Yet, all such efforts to see caste discrimination formally recognized in international law have been vigorously resisted by the Indian government.  Consider that, as early as 1996, the government rejected a UN committee’s decision to include caste discrimination in the category of ‘descent based’ discrimination covered by the UN’s major discrimination treaty. In interviews, numerous NCDHR activists have noted that at the Durban conference a number of countries’ delegates were at first willing to support them openly. After being taken aside individually by India’s representatives, however, all withdrew their support. Trade access, activists believe, trumps a human rights stand every time.

The Indian government’s position has been that it is taking all needed steps to address caste discrimination, and generally that outsiders shouldn’t interfere. At present, the struggle could be described as at an impasse, where a few other countries and some UN representatives are willing to offer criticism, but the Indian government has given little indication that its position could change.

In the National Campaign, there is ongoing discussion about emphases moving ahead. Some, such as NCDHR Convenor Paul Divakar, who regularly travels to Geneva and other international sites to press the Dalit rights case, are firm that international outreach should continue. Some others believe more can be accomplished through intensifying the local and national struggles.

Whatever the ultimate shape of the resistance, the National Campaign’s efforts stand as a crucial case for the study of democracy, including democracy beyond the state. As one NCDHR leader told me, if they had been able to take their grievances to a Global Court of Human Rights, that’s precisely what they would have done. Proposals to create such a court date at least to the development of the 1948 Universal Declaration of Human Rights – a court to interpret and implement the rights proclaimed for all persons. There is little momentum for such a court today, but the NCDHR case should give us strong reason to think that any advocacy of extending democratic rule beyond the state should include advocacy of extending human rights courts as well.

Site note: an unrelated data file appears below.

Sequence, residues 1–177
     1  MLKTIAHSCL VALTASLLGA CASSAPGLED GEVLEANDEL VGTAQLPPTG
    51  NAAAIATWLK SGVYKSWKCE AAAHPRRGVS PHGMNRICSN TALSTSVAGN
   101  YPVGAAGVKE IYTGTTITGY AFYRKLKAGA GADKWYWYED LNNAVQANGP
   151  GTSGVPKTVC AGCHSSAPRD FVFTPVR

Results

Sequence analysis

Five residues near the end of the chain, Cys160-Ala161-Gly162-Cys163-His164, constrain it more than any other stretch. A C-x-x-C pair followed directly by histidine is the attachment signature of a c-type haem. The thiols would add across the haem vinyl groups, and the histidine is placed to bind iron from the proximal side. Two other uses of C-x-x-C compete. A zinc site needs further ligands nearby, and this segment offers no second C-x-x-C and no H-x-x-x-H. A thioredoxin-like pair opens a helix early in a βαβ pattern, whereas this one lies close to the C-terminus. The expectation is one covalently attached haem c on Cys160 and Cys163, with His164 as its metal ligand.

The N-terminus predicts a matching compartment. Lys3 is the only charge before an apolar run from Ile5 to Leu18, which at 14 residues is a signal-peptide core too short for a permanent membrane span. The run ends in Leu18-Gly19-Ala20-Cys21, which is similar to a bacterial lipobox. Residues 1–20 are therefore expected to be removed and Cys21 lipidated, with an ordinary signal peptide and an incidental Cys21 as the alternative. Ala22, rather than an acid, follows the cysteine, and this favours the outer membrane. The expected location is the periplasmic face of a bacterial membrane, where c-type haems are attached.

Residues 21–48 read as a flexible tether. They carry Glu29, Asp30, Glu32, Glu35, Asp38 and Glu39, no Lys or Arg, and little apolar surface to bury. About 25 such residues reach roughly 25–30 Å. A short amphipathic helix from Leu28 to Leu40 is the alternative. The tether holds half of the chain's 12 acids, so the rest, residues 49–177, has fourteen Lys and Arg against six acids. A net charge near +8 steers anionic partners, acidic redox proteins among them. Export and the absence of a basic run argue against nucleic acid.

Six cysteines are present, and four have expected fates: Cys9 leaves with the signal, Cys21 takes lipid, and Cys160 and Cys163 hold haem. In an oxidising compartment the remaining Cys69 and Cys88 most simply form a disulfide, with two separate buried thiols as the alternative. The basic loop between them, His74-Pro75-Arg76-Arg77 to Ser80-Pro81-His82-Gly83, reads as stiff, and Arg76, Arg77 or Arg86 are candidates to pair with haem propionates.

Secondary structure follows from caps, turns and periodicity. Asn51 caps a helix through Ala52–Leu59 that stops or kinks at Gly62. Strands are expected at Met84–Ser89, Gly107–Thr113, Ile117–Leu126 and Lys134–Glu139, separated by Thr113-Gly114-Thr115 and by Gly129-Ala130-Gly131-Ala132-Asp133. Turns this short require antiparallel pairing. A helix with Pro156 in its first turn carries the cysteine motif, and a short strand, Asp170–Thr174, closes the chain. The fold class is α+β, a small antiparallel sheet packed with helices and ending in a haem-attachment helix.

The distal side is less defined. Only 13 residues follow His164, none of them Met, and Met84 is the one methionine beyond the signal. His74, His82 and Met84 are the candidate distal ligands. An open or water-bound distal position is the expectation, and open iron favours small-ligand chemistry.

Luis Cabrera is Reader in Political Theory, Department of Political Science and International Studies, University of Birmingham.

February, 2014

Academics Stand Against Poverty: Professional Association Helps Researchers Enhance their Impact on Poverty Alleviation

Dr Luis Cabrera

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For my first entry on the project blog, I thought it would be appropriate to talk about a newish academic association that shares many of the same interests as those affiliated with Saving Humans.

This association is Academics Stand Against Poverty (ASAP). It’s a non-profit, voluntary initiative designed to enhance academics’ impact on poverty alleviation. The driving idea is not so much to get academics out of the ivory tower, but to get those who’d never think of locking themselves up in such a place to share their ideas and experiences, collaborate where it makes sense, and generally just join forces to do a more effective job influencing poverty alleviation policy and practice.

ASAP was the brainchild of some relatively junior academics – political philosophers, in fact – working in Australia in 2009. They wanted to be able to play a more active role in some of the issues of global justice they were researching, and to help the global academic sector worldwide play as strong a direct role as possible on poverty and related issues. Their organizing efforts got a big boost from Thomas Pogge, the Leitner Professor of Philosophy and International Affairs at Yale University, who was intrigued by the idea and ultimately agreed to serve as president of a formal organization.